I don’t feel like an elder. I’m only 64. I still work a full time job. I’m a lot heavier than I used to be, but otherwise I’m still the bashful white middle class dyke in boy clothes I always was. Heck, I’m even getting married for the first time next year. So I am astonished at being treated respectfully as an elder by my beloved lesbian tribe.

This is not a complaint. I have worked long and hard over many sleep deprived decades to add to lesbian literature. Respect is a priceless payment for my efforts. I just never knew it would make me feel such a combination of hoary and venerable.

Thank goodness the honors and tributes didn’t come when I was a young writer. They would very definitely have gone to my head. Now, though they still go to my head, I’ve at least tried to earn them – and who cares at this point how big my head gets, I’m enjoying it. Everyone in this crazy book biz is so kind and helpful, from readers to publishers – I feel as lucky to be a lesbian as I felt at 15. Maybe more so: at 15 I was writing genderless love poems and skulking out of shops with lesbian pulps in brown paper bags. Last week, I saw the front window of the bookstore Now Voyager in Provincetown filled with our titles. Even the lurid covers were proudly lurid.

My brother is 15 years older than I am and just beginning to show his seventh decade after heart surgery. My mother’s age caught up with her at about 93. My father died at my age. It’s hard to know what to expect, especially after the surgery I underwent earlier this year left damage that continues to require medication for a condition a lot scarier than knee pain. Sometimes I worry that the struggle of writers to both support ourselves and to create may shrink our longevity.

Recently I was invited to speak at a lesbian gathering. I have never been able to handle travel and public engagements without great anxiety and exhaustion. I was shocked to learn, as I tried to handle job, writing and appearances, that both my mind and body had limits. Today, I can handle more than I could twenty and thirty years ago because I have learned to take those limits into account and because my sweetheart is always by my side, making my life appreciably easier than it once was. It was not because of advancing age that I had to turn down that gracious invitation, but because of a crowded schedule.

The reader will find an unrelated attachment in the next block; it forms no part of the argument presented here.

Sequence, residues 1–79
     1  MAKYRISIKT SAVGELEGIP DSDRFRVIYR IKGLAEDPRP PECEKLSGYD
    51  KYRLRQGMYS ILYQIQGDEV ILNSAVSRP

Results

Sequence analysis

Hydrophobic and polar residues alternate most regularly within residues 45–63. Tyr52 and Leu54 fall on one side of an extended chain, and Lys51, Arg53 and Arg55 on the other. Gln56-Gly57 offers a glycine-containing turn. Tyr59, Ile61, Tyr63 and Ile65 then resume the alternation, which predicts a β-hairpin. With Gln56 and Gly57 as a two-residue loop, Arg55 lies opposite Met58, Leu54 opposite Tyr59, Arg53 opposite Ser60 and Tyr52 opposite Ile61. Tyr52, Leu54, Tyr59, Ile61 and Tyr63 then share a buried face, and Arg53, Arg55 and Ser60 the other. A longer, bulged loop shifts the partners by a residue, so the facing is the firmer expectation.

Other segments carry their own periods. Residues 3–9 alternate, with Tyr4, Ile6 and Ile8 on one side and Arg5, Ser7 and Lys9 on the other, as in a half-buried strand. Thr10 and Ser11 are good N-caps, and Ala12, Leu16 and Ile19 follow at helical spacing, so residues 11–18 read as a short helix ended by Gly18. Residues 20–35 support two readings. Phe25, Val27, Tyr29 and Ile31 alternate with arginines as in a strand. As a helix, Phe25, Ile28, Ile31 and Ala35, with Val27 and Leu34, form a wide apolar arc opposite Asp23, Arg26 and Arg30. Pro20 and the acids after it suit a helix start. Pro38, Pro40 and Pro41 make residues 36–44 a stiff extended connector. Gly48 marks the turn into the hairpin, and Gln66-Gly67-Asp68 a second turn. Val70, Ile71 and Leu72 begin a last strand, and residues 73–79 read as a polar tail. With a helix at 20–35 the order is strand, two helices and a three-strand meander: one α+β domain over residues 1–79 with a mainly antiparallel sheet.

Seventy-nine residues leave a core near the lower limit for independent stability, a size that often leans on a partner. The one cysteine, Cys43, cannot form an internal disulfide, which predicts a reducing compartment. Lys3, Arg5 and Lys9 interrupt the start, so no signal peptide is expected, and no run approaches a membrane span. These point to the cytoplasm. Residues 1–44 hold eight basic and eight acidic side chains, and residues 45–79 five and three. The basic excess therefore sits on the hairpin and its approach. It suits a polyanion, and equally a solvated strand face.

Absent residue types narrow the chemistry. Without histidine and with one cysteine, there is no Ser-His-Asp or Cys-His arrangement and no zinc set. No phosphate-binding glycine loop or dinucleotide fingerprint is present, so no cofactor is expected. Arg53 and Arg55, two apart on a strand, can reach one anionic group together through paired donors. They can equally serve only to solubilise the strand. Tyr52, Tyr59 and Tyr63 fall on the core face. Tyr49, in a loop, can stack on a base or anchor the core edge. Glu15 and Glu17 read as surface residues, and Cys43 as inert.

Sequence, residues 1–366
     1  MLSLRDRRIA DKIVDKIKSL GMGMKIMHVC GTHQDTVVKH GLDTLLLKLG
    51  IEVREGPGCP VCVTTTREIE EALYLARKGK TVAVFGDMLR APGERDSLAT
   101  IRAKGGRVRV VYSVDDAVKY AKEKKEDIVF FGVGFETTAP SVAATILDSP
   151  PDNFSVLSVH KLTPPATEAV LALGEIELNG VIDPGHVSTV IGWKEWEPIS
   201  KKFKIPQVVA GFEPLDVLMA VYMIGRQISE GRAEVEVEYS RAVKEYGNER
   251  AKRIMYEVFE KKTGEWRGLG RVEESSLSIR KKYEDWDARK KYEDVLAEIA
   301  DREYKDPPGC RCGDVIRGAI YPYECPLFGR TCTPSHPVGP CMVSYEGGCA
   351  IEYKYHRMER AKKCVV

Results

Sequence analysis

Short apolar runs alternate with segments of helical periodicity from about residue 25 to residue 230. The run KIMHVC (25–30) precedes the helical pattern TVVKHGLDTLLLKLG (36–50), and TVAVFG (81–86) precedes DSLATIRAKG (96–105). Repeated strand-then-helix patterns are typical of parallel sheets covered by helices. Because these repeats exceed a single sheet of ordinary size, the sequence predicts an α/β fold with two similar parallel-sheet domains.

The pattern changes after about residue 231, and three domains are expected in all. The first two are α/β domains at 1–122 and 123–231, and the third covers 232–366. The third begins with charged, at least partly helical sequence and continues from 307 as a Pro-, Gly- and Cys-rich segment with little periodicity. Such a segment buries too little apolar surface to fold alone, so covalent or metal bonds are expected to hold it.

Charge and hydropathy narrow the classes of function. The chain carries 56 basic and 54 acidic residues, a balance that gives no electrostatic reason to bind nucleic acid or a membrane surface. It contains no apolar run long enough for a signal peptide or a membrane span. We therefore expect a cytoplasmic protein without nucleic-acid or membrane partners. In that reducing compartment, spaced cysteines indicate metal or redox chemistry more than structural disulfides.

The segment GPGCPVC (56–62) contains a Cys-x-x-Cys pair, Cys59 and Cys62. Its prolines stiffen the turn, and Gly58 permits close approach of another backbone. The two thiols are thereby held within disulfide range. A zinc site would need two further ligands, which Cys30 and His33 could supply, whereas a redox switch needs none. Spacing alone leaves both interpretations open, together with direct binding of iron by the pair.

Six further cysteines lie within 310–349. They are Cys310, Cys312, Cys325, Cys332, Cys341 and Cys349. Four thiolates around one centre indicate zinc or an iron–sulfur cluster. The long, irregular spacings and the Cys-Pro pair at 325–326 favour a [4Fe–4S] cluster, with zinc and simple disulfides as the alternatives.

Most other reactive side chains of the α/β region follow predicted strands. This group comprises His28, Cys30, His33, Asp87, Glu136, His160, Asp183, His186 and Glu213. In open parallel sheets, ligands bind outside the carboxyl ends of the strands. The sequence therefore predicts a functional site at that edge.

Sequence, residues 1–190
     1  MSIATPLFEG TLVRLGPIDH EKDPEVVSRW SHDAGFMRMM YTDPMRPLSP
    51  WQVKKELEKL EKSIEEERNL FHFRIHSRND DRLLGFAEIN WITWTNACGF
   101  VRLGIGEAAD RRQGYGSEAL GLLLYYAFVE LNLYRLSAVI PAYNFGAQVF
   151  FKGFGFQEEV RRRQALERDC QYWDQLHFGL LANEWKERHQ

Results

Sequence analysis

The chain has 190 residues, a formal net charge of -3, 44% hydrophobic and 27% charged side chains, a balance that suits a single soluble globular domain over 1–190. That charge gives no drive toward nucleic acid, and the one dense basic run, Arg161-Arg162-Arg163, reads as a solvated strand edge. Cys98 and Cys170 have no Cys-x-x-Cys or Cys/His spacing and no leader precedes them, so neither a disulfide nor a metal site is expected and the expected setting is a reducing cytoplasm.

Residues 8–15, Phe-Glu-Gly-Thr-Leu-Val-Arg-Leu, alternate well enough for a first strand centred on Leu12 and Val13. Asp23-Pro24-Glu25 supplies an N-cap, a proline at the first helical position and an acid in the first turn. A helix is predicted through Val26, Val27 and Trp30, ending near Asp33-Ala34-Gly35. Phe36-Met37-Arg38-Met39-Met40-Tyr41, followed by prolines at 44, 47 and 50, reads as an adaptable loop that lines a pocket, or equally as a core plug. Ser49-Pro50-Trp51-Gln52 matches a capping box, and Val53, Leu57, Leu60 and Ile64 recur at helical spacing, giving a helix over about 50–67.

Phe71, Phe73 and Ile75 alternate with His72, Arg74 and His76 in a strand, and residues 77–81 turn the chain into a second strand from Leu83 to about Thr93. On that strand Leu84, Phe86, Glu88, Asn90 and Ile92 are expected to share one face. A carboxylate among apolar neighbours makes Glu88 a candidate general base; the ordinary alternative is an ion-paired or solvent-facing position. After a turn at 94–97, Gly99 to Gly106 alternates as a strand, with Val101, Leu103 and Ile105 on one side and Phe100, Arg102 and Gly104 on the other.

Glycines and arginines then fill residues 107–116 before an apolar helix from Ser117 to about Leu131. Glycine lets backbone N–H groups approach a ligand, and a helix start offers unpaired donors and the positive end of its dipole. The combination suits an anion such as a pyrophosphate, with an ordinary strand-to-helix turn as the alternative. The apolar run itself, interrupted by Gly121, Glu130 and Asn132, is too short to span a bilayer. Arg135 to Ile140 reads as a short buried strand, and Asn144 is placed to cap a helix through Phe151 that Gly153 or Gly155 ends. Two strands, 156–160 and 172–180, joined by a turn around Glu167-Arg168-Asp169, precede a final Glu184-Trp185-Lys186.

Still, if my peers notice I’m getting older, maybe I should pay attention. I can only allow myself a limited luxury of denial. When I read that HHS Secretary Kathleen Sebelius plans to establish the nation’s first national resource center to assist communities to provide services and supports for older lesbian, gay, bisexual and transgender (LGBT) individuals, I admit that my grateful relief was selfish. Gay people used to be told we’d die old and alone. This was supposed to convince us to renounce our true selves. As I survived breakups and the death of a partner, this fate was as haunting as a fortune teller’s bad news. Now, Secretary Sebelius is acknowledging that as many as 1.5 to 4 million LGBT individuals are age 60 and older, and that we are still an unknown and threatening population for some agencies that provide services to old people. The resource center was created to include us as it provides information, assistance and resources for all old Americans. True, the grants are for only $250,000 per year, if the money is available, but the recognition of a need to educate non-gays and to give gays a modicum of assistance is welcome news. If lesbians and gay men have been mostly closeted in the past, old lesbians and old gay men have been invisible.

I used to think of myself as a lean, quick, young hare. Today I am a proud, happy, silver-haired tortoise, Only the Universe knows how many tales I have left to tell, so I’ll plod on, treading across my laurels, deserved or not, and use them as a bridge to the next stories and the next books.

Oh, and the name of that new agency? The Resource Center for LGBT Elders. Seems like I’m not the only gay elder getting some respect these days.

[Editor's Note: Lee Lynch is the author of over 12 books. Her latest, Sweet Creek, is a bittersweet love story. You can reach Lynch at LeeLynch@ontopmag.com]

Copyright 2009 Lee Lynch